Friday, December 11, 2015

LB Scrape Technique

The success of the NCAA Blitz, a.k.a. America's Fire Zone, like any other Blitz or Fire Zone, is predicated not so much on the schematics of the play as much as it is on the fundamental techniques executed by each player.  I have talked about the "Run to Daylight" technique of the playside DE (F in the diagram below) here in a previous post.  Manny Diaz refers to this Fire Zone as Scrape, and I will talk about the "Scrape" technique of the Mike LB that is essential to the success of this play. 



I believe it is better to master the fundamentals of a few pressure concepts than it is to be one of those "Dial-A-Blitz" defensive coordinators with 8,000 blitzesall ran poorly.  Poorly executed blitzes can create an extra gap in your front that can cost you big chunks of yardage as you will soon see.

The diagrams and the video below will do a much better job of showing the right and wrong way of executing the Scrape technique than I can explain.  Basically, the Mike LB must scrape tight off the butt of the playside DE for this concept to work.  If he does not, a crease will open up for the RB to gash the defense.  The diagrams below are from the first cut-up in the video. Also, good job by the offensive guys of using the FB motion to help widen the Mike LB just enough to help keep him from properly executing his technique.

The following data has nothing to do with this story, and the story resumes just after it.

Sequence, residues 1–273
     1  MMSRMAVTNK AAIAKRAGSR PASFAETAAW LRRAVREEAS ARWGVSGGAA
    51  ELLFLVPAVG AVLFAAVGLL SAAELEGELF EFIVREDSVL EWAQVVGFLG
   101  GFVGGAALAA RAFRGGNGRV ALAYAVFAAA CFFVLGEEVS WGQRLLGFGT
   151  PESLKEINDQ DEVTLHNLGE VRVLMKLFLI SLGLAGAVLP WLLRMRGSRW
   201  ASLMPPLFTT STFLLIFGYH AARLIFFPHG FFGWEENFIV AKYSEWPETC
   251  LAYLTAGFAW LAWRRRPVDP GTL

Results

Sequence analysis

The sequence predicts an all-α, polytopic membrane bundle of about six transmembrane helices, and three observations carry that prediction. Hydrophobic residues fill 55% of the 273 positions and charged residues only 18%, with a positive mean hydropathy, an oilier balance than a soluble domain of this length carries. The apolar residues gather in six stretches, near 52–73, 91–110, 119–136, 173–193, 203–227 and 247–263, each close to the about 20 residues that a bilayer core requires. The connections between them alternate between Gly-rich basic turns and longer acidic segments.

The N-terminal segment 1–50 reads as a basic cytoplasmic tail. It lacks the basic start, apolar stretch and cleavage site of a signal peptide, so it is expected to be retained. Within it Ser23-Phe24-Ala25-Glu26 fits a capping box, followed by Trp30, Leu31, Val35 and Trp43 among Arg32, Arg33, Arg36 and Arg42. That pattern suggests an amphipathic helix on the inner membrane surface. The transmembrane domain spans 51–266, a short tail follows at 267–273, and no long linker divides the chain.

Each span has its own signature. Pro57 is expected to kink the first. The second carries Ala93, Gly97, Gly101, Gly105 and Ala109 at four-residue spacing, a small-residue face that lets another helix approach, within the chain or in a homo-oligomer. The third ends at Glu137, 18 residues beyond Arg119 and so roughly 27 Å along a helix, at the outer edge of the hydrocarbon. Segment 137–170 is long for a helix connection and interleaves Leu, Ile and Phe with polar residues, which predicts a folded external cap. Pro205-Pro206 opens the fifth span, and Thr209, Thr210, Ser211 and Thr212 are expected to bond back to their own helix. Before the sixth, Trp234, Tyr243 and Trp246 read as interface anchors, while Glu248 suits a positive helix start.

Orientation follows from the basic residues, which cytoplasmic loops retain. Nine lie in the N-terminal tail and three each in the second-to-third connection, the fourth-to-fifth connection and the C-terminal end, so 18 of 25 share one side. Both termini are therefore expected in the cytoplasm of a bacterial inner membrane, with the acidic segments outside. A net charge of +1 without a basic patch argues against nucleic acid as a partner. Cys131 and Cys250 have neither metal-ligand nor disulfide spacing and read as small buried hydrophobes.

The team that looked consistently great running this stunt on film was the Green Bay Packers. Here is the break-down of the three good cut-ups at the end of the video: 

Good Scrape cuts
Cut-up 1 - LB scraped tight off the DE's butt and was able to efficiently turn the corner and tackle the Back on run away from him.
Cut-up 2 - Tight scrape helps to stuff the play for little or no yardage with nowhere for the RB to go.
Cut-up 3 - Good scrape causes the RB to bounce outside to the unblocked Safety and the backside LB, who does a good job of reading his Guard pulling and works over the top to the first open gap that he sees.

Here is the video:


Also, this Scrape technique is not just for this Fire Zone, it is a fundamental skill used often by LBs.  The first TD in the Panthers-Saints game this past weekend was a good example.  The Panthers ran Power and the backside LB failed to scrape tight enough when trying to run the crease over top of the double team (go here to 0:28 mark).

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